In addition, requesting medical leave under the Family and Medical Leave Act is a protected activity for which employers may not retaliate against employees.
To be protected from retaliation, the employee must act in good faith and in a reasonable manner. If the employee unreasonably interferes with the workplace, the anti-retaliation protections probably will not apply.
Once an employee has engaged in protected activity, an employer cannot take “adverse action” against the employee because of the protected activity. A retaliatory adverse action is something done by the employer that would dissuade a reasonable person from engaging in protected activity—for instance, opposing discrimination or complaining about discrimination—in the future. Termination for complaining about employment discrimination would be an obvious example of unlawful retaliation. But there are many other actions that could constitute retaliation, including but not limited to:
- Layoff, non-renewal of an employment contract, or refusal to hire
- Demotion or denial of a promotion
- Threats and intimidation
- Negative changes in job assignments, benefits, and privileges
- Suddenly negative performance evaluations
- Being put on a performance improvement plan
- Revocation of hospital practice privileges for physicians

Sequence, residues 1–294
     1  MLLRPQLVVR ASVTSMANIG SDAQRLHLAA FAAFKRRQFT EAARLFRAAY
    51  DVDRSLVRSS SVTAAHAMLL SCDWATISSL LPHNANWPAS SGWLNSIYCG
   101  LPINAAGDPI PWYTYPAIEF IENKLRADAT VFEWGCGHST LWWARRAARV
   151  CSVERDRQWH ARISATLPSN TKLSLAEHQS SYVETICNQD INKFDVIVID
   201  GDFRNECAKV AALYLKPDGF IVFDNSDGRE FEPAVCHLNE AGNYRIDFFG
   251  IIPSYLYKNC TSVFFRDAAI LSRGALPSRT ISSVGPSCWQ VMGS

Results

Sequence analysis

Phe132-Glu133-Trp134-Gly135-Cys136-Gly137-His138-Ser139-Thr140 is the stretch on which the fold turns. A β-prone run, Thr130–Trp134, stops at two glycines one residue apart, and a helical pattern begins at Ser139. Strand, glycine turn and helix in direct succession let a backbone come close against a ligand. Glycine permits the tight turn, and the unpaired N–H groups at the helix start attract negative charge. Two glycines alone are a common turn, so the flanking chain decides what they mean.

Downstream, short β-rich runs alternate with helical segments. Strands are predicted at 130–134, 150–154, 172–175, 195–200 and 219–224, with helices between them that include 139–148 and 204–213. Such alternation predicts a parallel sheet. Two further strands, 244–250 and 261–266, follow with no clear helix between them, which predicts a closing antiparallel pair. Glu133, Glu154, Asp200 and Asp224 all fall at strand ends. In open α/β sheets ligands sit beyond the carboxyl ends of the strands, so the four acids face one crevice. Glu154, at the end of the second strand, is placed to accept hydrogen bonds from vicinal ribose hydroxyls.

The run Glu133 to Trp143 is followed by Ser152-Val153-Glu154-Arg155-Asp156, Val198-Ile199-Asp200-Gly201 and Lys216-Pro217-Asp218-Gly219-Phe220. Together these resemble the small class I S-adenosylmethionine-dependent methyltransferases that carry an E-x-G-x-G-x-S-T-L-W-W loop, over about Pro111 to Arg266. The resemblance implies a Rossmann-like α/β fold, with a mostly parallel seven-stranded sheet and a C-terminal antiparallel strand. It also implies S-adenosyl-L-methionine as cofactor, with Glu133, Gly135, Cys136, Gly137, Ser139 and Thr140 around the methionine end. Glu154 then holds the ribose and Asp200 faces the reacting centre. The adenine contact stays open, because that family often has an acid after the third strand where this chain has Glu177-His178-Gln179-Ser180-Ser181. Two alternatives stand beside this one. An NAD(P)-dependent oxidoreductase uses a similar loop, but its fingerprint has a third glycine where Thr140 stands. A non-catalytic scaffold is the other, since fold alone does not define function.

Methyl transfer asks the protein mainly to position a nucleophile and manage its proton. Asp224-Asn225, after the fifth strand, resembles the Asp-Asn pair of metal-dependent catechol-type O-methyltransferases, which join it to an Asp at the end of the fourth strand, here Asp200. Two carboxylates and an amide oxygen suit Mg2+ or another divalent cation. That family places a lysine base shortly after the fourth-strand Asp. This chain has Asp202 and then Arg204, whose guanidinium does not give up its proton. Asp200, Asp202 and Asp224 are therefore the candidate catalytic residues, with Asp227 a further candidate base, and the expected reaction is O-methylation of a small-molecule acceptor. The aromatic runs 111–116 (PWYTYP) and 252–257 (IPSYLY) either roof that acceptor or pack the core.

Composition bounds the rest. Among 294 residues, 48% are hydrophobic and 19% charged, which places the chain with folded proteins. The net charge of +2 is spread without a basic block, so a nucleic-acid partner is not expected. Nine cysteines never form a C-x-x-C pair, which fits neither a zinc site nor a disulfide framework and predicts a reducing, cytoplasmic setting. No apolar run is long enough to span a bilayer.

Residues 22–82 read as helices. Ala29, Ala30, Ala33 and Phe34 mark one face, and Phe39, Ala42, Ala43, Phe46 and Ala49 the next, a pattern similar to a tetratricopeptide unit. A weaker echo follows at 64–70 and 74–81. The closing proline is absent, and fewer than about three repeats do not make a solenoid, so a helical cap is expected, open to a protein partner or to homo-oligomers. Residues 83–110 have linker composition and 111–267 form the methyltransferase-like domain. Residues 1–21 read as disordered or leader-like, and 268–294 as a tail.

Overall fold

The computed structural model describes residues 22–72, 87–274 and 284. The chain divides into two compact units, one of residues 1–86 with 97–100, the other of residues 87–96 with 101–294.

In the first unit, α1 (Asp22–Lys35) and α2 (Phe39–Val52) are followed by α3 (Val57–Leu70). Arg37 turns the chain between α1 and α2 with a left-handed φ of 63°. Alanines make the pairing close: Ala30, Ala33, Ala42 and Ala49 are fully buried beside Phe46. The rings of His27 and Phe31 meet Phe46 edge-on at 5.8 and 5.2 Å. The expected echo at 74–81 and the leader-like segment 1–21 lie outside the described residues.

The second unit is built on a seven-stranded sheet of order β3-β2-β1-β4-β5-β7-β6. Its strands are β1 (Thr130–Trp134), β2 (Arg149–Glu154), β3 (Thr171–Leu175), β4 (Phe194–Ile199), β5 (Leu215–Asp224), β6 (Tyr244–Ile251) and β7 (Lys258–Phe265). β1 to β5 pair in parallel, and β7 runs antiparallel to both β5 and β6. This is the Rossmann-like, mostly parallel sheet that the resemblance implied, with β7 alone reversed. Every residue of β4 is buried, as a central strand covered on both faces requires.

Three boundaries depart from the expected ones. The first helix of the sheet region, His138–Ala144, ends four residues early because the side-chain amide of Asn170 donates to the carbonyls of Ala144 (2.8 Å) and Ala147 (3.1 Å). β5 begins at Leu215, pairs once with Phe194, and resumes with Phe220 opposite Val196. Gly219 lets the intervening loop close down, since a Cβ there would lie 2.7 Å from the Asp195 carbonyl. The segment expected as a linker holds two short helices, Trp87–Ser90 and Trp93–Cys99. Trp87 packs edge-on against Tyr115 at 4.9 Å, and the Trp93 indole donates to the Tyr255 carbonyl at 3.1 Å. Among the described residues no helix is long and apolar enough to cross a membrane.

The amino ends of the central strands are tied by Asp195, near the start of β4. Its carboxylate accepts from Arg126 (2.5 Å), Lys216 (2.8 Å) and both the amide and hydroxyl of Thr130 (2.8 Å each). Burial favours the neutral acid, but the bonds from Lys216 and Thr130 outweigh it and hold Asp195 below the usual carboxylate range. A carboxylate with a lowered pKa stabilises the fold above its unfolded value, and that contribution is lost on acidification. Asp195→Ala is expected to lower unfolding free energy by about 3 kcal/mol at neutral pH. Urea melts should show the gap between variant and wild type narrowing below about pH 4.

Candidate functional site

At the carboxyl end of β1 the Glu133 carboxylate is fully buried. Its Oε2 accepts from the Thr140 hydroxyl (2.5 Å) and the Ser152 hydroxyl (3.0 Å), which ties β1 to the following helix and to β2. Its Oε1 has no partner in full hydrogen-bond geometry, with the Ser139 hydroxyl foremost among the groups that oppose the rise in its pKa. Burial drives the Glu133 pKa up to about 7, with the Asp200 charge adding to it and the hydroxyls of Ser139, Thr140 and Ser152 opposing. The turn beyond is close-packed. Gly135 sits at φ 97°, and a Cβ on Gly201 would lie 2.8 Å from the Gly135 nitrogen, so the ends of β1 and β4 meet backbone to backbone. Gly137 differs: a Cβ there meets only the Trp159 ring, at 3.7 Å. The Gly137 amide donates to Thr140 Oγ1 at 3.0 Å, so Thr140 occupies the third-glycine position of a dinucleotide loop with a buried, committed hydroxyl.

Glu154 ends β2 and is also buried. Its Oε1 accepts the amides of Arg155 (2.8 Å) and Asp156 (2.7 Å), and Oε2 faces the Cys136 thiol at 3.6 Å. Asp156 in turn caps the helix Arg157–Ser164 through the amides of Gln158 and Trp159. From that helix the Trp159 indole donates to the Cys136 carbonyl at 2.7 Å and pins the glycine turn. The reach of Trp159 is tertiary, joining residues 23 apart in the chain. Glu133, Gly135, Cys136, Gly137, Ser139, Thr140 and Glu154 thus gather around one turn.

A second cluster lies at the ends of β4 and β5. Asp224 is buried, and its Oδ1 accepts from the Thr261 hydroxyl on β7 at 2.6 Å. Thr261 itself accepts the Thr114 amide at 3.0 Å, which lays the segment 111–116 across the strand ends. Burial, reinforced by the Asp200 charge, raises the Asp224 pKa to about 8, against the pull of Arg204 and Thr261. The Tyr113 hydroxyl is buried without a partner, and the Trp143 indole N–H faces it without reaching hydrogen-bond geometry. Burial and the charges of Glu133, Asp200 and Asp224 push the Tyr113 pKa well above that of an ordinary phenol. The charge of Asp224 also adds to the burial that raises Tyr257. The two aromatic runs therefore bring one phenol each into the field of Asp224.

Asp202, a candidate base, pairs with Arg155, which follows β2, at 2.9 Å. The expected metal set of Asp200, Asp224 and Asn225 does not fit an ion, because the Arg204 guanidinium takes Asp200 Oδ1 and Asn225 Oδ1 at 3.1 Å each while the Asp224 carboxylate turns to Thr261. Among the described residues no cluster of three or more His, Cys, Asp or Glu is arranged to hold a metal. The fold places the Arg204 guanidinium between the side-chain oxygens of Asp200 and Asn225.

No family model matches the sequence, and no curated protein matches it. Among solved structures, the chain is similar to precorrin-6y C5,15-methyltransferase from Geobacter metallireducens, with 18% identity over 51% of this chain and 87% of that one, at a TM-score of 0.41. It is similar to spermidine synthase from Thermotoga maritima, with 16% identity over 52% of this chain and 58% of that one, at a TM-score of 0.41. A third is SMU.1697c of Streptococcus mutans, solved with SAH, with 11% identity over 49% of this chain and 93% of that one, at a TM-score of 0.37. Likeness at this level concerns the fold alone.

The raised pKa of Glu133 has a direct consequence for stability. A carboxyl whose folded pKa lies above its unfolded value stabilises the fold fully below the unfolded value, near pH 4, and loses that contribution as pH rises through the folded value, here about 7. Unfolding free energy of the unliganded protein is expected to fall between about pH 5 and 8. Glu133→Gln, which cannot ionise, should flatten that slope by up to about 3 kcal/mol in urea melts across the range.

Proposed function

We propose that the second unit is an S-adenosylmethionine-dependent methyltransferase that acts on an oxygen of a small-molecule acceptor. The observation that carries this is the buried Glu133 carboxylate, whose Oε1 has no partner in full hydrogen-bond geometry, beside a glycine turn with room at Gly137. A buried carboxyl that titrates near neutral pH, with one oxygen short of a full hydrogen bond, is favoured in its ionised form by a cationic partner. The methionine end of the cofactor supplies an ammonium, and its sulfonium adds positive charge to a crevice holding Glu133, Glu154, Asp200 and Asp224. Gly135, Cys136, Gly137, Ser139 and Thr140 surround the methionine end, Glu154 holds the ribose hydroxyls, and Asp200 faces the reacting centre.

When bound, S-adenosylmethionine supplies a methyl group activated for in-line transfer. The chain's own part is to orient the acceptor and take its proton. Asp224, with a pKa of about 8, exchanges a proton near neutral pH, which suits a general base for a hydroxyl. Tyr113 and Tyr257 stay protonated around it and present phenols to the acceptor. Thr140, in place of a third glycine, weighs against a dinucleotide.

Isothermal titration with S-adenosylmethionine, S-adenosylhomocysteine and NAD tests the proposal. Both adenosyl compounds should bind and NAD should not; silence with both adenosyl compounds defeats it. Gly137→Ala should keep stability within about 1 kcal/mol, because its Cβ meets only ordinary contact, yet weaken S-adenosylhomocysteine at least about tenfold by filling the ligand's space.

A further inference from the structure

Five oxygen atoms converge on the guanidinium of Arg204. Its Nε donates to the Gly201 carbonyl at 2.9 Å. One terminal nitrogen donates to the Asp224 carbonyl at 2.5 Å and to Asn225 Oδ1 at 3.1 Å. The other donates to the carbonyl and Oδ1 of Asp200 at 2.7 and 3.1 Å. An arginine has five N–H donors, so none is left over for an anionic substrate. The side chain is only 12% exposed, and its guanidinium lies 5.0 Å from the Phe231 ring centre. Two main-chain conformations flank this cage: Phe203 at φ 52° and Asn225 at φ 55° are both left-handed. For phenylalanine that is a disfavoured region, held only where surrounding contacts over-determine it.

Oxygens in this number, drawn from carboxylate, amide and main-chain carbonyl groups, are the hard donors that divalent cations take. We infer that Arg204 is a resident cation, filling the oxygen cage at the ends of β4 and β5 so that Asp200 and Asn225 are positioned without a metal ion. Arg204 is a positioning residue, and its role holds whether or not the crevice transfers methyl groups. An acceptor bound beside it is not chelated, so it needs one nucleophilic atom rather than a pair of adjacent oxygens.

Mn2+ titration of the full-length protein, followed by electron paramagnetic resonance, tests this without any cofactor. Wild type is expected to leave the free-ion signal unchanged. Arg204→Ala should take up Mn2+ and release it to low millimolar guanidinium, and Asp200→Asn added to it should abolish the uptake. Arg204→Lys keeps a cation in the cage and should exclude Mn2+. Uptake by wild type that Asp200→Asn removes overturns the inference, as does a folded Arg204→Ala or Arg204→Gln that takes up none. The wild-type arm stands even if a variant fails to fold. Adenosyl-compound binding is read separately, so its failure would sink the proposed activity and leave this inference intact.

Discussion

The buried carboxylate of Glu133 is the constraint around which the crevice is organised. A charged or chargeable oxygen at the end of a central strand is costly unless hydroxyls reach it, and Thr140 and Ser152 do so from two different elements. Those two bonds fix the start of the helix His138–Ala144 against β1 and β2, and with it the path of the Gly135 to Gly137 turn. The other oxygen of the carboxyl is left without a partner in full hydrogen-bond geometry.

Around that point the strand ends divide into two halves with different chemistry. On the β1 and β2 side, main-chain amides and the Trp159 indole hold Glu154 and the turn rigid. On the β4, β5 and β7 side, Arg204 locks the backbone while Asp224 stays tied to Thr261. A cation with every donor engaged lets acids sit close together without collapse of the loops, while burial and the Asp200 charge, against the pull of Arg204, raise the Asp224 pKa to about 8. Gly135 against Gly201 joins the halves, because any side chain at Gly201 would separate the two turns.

- Increased employer surveillance
Although ordinary workplace annoyances and slights would not necessarily constitute retaliation, sudden changes in the way an employer treats you shortly after you have engaged in protected activity may be evidence of retaliation. In fact, in retaliation cases, the timing (also referred to as “temporal proximity”) between the adverse action and the protected activity is often a critical factor.
It is important to note that the federal employment laws do not protect only the employee who engages in protected activity from retaliation. They also protect people who are so closely related to or associated with the employee engaging in protected activity that retaliation against them would dissuade a reasonable person from engaging in protected activity in the future. By way of example, it would be illegal to retaliate against an employee because his wife, who worked for the same employer, complained of sexual harassment or some other form of employment discrimination. In that scenario, both employees would have a claim for illegal employment retaliation.